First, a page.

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Impact of Competition on the Profitability of Commercial Banks in Nigeria

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Impact of Competition on the Profitability of Commercial Banks in Nigeria.

ABSTRACT  

That the Banking Industry in Nigeria has always been profitable has never been in doubt. Again, that the Nigeria banking industry has been a very competitive one is also not a matter for contention as the result of several researchers measuring the competition in the banking industry have sufficient empirical evidence to substantiate this theory, however, what has recently become a contentious issue is to determine what really drives banking profitability in the face of this cut-throat competition in Nigeria.

Not even the banking consolidation reforms introduced in Nigeria by the erstwhile Governor of the Central Bank of Nigeria, Professor Charles C. Soludo, in 2005 which highlighted the unprecedented competition in the Nigerian banking industrycan be agreed to the major determinate of banking profitability in Nigeria. Generally, the impact of competition on the profitability of commercial banks in Nigeria has been a subject of great scholarly inquiry and continues to occupy a large body of empirical research.

Competition in the banking industry is necessary as it promotes economic growth by increasing firms’ access to external financing, lowering the costs of providing banking products and services, managing and mitigating banking risks, mobilizing savings and investment opportunities and adopting efficiency strategies for improving profitability. Petersen and Ranjan (1995) show theoretically that Commercial banks that wield substantial market share are more profitable in developed economies as they can lend even to young firms whose credit records may be opaque, hence leading to high loan volumes and substantial increase in both economic activities and economic growth.

INTRODUCTION  

Competition in the banking industry has been a subject of great scholarly inquiry and continues to occupy a large body of empirical research. That the Banking Industry in Nigeria has always been profitable since the early 1990s has never been in doubt. That the Nigeria banking industry has been a very competitive one is also not a matter for contention as the results of several researchers measuring the competition in the banking industry have sufficient empirical evidence to substantiate this theory, however, what has recently become a contentious issue is to determine what really drives banking profitability in the face of this cut-throat competition.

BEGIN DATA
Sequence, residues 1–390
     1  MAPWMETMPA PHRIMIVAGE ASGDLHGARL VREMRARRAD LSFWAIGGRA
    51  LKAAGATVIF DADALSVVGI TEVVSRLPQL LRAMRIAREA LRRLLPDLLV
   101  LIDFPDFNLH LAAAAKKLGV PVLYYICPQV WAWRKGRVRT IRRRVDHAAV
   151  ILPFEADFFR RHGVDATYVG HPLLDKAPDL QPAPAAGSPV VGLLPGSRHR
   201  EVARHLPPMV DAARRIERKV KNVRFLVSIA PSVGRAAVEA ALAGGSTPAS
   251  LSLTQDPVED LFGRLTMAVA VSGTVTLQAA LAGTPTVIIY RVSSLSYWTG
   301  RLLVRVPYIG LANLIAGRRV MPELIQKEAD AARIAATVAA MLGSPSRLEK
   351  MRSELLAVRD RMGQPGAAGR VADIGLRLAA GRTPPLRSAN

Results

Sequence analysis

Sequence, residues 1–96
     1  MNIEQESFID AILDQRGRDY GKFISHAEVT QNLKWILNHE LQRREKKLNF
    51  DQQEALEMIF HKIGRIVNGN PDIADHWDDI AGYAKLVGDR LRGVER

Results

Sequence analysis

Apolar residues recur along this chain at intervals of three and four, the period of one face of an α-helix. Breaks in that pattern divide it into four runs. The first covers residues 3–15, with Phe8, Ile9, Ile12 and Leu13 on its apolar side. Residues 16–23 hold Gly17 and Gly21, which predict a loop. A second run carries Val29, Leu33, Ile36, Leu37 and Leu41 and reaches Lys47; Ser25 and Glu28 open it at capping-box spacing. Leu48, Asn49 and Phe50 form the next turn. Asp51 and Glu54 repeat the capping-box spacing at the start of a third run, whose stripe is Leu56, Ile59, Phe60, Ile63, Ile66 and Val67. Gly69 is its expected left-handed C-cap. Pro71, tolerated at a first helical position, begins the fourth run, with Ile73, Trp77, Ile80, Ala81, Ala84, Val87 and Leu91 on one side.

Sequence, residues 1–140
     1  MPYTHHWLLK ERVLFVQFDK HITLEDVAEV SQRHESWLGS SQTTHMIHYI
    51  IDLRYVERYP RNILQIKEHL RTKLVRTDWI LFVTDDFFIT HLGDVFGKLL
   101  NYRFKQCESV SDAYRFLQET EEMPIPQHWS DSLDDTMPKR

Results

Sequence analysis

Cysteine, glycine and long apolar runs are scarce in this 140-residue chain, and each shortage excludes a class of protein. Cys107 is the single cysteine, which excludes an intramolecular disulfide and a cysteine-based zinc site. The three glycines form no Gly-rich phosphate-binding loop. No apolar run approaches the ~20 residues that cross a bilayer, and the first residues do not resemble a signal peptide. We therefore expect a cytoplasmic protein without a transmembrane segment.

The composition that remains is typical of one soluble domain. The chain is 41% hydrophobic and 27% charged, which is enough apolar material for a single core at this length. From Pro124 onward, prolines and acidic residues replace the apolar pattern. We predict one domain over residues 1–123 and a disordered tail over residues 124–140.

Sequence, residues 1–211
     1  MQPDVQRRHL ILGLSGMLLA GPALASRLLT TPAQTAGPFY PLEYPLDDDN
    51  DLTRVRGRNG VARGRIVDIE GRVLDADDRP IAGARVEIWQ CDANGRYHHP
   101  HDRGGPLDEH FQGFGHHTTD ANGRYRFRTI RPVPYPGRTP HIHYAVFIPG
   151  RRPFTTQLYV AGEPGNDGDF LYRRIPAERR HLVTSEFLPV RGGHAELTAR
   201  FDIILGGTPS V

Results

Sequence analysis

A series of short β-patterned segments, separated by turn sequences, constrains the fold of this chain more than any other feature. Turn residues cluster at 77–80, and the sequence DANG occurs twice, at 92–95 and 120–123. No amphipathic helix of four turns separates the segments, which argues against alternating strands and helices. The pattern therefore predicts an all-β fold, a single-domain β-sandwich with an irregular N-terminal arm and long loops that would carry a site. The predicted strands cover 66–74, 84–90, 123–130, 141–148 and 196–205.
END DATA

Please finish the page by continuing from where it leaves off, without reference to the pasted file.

Not even the banking reforms introduced in 2005 which triggered unprecedented competition in the banking industry in Nigeria can be agreed to the major determinate of banking profitability in Nigeria. The reforms generally entailed the upward review of the minimum capital requirement of banks from N2billion to N25billion (an increase of approximately, 1,150%), a decrease in the number of commercial banks operating in Nigeria from 120 in 1993 to about 24 commercial banks post consolidation in 2010 and a dilution in the ownership structure of most commercial banks as they subsequently became publicly quoted companies on the Nigerian Stock Exchange (NSE).

Generally, the impact of competition on the profitability of commercial banks in Nigeria has been a subject of great scholarly inquiry. Banking competition promotes economic growth by increasing firms’ access to external financing, lowering the costs of providing banking products and services, managing and mitigating banking risks, mobilizing savings and investment opportunities and adopting efficiency strategies for improving profitability. Petersen and Ranjan (1995) show theoretically that Commercial banks that wield substantial market share are more profitable.

 REFERENCES

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Bain, J. S. (1951): “The relation of profit rate to industry concentration: American
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Barth, James R., Gerard Caprio Jr., and Ross Levine (2004), “Bank regulation and
supervision: What Works Best?” Journal of Financial Intermediation,

Beck, T., A. Demirguc-Kunt, and R. Levine (2003), “Bankconcentrationandcrises”,
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Beck, Thorsten, Asli Demirgiic-Kunt, and Ross Levine (2000), “A new database on
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Berger, A., and D. Humphrey (1997), “Efficiency of financial institutions:
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Berger, Allen N. (1995), “The profit-structurerelationship in banking-tests of market
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CSN Team.

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